He’s 70 percent disabled and walks with a cane because of back, knee and hip problems, but Chris Ryan says none of that slows him down when it comes to helping his fellow veterans who have fallen on harder times.
“Every morning I wake up with pain, but I feel blessed that I can get up and help others,” said Ryan, 41, of Whitestone. “I’m in pain constantly, but I don’t let it stop me.”
For the last two years, he has been collecting used clothing, new toiletries and occasionally food to help homeless veterans throughout the city. Called Clothes to Home, his one-man operation utilizes his 2003 Dodge Caravan to pick up donations and drop them off where needed.
“When I went to the VA Hospital in Manhattan for treatment, I saw lots of people waiting who are all homeless and live near the facility,” he said. “I’m blessed with family and felt I had to do something.”
The former businessman served in the Army as an artillery driver from 1995 to 1998 during the no-fly zone enforcement and sustained his injuries while serving in Iraq. He’s had 10 broken bones, suffered cancer in his feet and is 65 percent deaf, all service-related.
Ryan has developed a network of donors through his website and on Facebook. “One girl got me 150 bags of clothes,” he said, adding that he takes donations for men, women and children since he also drops off clothing to Bridge to Life, a Queens group that works with pregnant women.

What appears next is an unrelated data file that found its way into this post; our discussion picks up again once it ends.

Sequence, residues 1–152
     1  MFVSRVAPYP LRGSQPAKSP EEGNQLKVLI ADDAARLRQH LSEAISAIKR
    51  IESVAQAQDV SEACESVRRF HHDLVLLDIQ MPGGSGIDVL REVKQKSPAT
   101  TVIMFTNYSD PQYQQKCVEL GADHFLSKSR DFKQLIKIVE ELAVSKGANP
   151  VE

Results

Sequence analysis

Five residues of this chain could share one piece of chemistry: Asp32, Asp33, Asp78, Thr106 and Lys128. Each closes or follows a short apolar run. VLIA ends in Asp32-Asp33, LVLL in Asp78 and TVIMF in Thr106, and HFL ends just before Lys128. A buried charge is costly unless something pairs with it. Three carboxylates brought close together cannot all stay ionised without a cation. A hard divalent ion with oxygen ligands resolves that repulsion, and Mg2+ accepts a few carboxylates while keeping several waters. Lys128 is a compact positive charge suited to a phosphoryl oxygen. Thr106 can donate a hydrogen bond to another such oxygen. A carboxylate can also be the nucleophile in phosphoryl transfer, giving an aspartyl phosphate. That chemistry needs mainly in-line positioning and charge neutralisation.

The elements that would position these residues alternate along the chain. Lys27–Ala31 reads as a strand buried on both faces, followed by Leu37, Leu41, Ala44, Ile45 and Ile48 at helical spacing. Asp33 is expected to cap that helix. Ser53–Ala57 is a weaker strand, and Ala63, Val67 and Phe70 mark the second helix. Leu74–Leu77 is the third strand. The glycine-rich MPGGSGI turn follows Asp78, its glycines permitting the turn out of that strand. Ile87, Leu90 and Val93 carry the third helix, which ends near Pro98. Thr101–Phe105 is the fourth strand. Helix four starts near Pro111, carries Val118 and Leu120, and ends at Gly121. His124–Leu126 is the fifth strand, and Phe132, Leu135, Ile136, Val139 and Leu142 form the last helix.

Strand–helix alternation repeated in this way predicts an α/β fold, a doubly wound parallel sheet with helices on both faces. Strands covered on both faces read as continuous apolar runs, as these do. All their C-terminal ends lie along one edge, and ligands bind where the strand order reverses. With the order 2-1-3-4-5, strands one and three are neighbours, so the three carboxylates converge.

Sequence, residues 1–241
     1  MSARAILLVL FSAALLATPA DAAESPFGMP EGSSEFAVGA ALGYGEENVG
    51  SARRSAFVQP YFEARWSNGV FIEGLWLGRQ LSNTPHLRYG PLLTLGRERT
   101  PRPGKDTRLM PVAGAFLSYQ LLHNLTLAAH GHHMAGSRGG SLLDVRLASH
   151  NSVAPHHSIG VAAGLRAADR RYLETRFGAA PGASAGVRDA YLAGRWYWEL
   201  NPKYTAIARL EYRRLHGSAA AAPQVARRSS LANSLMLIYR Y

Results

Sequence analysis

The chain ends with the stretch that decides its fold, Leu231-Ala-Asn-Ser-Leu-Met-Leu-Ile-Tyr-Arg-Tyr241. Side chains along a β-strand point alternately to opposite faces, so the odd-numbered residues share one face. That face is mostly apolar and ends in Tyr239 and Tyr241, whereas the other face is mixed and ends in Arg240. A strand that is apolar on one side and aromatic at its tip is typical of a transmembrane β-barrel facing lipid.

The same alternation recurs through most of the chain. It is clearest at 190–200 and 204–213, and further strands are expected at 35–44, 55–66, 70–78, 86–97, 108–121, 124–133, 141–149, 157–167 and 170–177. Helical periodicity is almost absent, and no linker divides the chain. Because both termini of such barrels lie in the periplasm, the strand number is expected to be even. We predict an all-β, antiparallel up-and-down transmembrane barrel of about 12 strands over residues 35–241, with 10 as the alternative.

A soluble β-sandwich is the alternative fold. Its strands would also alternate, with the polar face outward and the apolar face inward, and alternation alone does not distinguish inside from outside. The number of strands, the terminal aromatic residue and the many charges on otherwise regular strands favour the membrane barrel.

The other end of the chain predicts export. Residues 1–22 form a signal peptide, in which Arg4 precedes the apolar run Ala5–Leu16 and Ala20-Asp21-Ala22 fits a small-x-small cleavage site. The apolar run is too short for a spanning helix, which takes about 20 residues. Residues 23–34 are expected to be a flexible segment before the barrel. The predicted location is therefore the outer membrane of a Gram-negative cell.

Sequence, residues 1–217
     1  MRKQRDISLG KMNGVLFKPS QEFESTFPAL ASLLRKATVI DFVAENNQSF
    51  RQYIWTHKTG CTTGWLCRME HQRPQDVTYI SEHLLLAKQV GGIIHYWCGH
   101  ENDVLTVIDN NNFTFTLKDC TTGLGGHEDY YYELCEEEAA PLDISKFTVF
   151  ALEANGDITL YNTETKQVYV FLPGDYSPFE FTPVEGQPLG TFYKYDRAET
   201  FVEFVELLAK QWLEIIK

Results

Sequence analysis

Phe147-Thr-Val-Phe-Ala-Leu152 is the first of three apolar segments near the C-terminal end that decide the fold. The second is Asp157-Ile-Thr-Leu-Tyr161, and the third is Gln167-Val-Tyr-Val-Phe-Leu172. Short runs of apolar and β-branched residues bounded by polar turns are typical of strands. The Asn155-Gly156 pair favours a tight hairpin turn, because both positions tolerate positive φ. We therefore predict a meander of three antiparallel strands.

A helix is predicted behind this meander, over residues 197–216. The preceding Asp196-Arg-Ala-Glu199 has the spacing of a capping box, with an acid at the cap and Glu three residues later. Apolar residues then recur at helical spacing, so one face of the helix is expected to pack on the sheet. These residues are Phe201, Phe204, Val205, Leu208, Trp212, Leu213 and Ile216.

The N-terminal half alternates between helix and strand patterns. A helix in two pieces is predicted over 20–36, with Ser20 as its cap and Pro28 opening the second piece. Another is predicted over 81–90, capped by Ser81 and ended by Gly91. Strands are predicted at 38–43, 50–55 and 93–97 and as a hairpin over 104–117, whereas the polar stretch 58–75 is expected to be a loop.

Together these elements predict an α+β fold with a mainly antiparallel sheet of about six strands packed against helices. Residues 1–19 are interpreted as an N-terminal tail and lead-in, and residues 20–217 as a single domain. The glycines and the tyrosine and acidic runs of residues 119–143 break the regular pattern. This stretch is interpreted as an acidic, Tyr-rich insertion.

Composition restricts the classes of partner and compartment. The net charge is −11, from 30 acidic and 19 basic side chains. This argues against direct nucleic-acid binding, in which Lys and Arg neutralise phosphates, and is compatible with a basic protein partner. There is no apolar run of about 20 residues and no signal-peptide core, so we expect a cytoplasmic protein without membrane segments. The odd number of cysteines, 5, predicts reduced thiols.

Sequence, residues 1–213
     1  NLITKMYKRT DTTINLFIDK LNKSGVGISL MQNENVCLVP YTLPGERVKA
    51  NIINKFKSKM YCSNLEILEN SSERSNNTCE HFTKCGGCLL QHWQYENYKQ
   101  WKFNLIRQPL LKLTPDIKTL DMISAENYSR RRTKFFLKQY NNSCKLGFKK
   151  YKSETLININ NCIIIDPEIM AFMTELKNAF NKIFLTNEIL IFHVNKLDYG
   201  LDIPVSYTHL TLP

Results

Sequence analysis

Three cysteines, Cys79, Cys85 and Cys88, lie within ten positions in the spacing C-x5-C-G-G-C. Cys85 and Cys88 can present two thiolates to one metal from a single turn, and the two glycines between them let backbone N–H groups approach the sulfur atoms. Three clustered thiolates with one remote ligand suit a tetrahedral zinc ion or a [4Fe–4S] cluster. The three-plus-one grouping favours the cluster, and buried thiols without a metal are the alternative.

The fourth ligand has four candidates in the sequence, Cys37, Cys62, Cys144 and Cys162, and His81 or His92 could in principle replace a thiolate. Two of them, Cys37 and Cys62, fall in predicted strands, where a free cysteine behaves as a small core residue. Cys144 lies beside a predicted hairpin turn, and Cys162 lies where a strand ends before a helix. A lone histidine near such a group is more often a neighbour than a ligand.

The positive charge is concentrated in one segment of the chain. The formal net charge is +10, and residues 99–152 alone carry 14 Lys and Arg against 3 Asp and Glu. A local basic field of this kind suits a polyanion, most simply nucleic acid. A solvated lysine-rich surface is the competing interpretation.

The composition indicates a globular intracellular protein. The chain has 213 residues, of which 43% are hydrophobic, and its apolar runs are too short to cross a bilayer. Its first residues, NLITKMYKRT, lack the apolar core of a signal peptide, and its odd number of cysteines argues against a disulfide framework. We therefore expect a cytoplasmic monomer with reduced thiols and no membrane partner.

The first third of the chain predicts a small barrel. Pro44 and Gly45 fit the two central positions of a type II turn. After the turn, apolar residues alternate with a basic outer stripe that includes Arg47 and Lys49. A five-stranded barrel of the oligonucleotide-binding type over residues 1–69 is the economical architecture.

“For them, I also collect strollers and carriages,” Ryan said.
In the winter, when he can, he delivers buttered rolls and coffee to the homeless vets in Manhattan and also deals with shelters and soup kitchens both in the city and on Long Island.
“It broke my heart to see all the homeless veterans,” Ryan said. “These people have nothing. I live in a good neighborhood and am supported in my efforts by my brother and sister and parents.”
He lives on his $1,000 monthly disability check, with half going to his gas-guzzling van. “I’d like to get a bigger van,” Ryan said. “It would hold more things and be more efficient than my old car.”
A lifelong Whitestone resident, Ryan’s future plans include to go to school to study to be an X-ray, cardio or ultrasound technician.
Aside from spending much of his time driving to pick up donations, he goes for physical therapy regularly and visits senior centers once a month to talk to the elderly about identity theft.
Ryan does not accept monetary donations. To contact him for pickups, call (631) 873-5854 or go to his website, clothestohome.org. The Queens Chronicle at 62-33 Woodhaven Blvd. in Rego Park will accept clothing for him but it must be dropped off in large garbage bags. Office hours are Monday to Friday, 9:30 a.m. to 5 p.m.